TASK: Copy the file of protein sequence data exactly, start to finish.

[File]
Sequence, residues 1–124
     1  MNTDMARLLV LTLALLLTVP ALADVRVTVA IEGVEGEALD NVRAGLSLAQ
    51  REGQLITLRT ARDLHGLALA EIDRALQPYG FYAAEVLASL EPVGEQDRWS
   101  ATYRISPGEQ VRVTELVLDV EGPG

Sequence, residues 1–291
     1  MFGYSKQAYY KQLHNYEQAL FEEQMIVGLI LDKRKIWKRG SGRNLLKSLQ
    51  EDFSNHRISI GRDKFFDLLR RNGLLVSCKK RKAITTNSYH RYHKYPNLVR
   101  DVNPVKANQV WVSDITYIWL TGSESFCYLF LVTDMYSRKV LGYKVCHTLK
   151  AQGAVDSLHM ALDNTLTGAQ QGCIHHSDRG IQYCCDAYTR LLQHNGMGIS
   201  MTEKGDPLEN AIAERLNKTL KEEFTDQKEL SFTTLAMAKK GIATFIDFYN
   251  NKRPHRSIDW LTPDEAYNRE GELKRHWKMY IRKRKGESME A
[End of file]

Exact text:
Sequence, residues 1–124
     1  MNTDMARLLV LTLALLLTVP ALADVRVTVA IEGVEGEALD NVRAGLSLAQ
    51  REGQLITLRT ARDLHGLALA EIDRALQPYG FYAAEVLASL EPVGEQDRWS
   101  ATYRISPGEQ VRVTELVLDV EGPG

Sequence, residues 1–291
     1  MFGYSKQAYY KQLHNYEQAL FEEQMIVGLI LDKRKIWKRG SGRNLLKSLQ
    51  EDFSNHRISI GRDKFFDLLR RNGLLVSCKK RKAITTNSYH RYHKYPNLVR
   101  DVNPVKANQV WVSDITYIWL TGSESFCYLF LVTDMYSRKV LGYKVCHTLK
   151  AQGAVDSLHM ALDNTLTGAQ QGCIHHSDRG IQYCCDAYTR LLQHNGMGIS
   201  MTEKGDPLEN AIAERLNKTL KEEFTDQKEL SFTTLAMAKK GIATFIDFYN
   251  NKRPHRSIDW LTPDEAYNRE GELKRHWKMY IRKRKGESME A